In data repair, the subclass Feas _{D} consists of all the data sets D'∈ D that can be obtained from D through userdefined operations. For example, in some embodiments, consideration is given to the data points to be removed from the original record; that is, the number of data points removed from the entire data set defines the environment of the corrections. When a model repair, data repair, or reward repair is performed, a small correction (on the model or data) is considered first. If this fails, the restriction is relaxed and larger corrections are considered or attempted.

An approach to solving model repairs for probabilistic models when first discussed. The DTMC described above is referred to here in the example. In a nstate DTMC M and n × n transition matrix P, a parametric DTMC Mz is generated by introducing an n × n matrix Z (of unknowns) such that P + Z is a stochastic matrix and the transition matrix is Mz. The unknown parameters in z may be constrained: If ∃jZ _{ij} > 0, then state i is called a controllable state, and the transition between states i and j of M is controllable since its probability can be changed , The matrix z indicates a mechanism for changing or controlling the repair behavior of M. The parametric DTMC Mz, together with the constraints for z, defines the set Feas _{M} as follows:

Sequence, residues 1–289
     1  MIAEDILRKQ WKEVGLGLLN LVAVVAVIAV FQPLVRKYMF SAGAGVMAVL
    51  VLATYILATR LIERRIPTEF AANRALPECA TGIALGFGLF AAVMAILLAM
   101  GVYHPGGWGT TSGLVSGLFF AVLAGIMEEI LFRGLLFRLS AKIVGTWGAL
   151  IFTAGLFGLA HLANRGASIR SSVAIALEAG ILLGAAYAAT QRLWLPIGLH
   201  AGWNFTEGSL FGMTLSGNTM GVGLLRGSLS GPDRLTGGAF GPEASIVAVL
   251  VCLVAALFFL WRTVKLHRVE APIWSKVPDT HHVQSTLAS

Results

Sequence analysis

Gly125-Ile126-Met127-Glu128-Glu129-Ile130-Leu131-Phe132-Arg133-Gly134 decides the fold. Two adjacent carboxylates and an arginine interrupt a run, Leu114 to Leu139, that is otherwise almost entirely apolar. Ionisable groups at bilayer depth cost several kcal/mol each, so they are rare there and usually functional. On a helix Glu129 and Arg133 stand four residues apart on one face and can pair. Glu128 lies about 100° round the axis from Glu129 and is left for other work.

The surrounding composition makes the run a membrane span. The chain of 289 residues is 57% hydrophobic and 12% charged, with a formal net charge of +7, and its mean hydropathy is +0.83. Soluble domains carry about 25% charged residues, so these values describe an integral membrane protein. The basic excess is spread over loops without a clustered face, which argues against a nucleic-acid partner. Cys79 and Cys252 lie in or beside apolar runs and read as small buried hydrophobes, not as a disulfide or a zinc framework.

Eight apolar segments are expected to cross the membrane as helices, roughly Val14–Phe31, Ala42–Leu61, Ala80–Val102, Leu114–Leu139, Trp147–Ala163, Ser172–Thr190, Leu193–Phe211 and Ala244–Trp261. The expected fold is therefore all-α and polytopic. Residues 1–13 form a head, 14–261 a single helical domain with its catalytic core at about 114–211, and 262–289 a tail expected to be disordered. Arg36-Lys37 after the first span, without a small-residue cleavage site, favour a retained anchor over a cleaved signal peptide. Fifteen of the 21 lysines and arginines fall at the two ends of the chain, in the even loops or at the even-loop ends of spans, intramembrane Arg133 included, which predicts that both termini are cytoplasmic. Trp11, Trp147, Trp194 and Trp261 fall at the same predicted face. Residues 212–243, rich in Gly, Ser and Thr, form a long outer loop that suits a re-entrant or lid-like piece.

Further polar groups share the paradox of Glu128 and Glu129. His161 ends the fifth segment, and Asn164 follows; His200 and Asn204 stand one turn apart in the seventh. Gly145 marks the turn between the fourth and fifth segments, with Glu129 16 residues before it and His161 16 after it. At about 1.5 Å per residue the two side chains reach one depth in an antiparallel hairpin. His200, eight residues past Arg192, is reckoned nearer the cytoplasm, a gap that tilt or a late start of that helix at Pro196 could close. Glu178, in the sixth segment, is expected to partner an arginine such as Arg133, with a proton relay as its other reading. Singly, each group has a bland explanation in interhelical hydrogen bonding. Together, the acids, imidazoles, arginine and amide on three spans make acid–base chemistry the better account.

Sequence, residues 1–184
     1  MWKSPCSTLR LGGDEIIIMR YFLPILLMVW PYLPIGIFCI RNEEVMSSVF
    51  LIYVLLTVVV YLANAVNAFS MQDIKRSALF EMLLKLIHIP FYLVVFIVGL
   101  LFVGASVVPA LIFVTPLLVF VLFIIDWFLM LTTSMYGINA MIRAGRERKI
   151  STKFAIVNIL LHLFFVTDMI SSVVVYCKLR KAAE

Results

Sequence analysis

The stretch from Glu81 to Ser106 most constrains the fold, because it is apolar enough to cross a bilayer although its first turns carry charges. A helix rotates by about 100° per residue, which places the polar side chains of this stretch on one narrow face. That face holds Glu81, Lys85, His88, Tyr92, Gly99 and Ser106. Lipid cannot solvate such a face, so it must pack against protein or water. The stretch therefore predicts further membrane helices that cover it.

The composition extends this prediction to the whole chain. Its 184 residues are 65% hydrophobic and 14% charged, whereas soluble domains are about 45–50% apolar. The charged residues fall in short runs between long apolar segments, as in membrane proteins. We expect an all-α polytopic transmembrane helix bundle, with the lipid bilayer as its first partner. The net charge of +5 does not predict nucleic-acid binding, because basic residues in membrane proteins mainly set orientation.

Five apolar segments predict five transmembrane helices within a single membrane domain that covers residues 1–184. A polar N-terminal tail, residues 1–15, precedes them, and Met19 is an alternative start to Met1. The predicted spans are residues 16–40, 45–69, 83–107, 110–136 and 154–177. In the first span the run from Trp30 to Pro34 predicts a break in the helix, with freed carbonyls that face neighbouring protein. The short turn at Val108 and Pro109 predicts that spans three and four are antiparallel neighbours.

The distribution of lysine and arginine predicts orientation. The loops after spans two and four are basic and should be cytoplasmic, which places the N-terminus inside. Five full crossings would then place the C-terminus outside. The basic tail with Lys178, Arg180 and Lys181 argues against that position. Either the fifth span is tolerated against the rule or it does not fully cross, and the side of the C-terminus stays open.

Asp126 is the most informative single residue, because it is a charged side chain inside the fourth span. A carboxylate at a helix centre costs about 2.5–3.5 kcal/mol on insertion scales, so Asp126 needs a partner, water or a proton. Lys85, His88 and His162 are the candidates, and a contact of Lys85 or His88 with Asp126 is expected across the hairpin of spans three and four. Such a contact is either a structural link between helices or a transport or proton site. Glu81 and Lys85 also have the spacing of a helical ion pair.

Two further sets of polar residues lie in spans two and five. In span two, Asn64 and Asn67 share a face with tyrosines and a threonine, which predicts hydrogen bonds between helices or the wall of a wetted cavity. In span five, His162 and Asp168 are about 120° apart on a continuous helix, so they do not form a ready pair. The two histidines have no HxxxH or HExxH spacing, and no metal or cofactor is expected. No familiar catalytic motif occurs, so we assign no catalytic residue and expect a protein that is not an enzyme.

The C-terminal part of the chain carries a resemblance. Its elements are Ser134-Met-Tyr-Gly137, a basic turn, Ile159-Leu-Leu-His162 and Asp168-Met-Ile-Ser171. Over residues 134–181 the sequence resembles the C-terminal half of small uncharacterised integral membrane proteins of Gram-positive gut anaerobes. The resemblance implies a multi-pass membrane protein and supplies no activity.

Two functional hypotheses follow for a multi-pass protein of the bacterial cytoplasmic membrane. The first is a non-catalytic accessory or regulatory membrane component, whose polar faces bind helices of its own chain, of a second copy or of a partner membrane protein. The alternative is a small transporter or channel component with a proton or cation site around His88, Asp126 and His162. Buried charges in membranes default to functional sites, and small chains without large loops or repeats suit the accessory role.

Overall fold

If M is a DTMC with the transition matrix P and Mz is a DTMC with the transition matrix P + Z, and ∀s Σ _{t∈S} Z (s, t) = 0, then M and M '∈bisimilar, where ∈ is by the maximum value in Z is limited.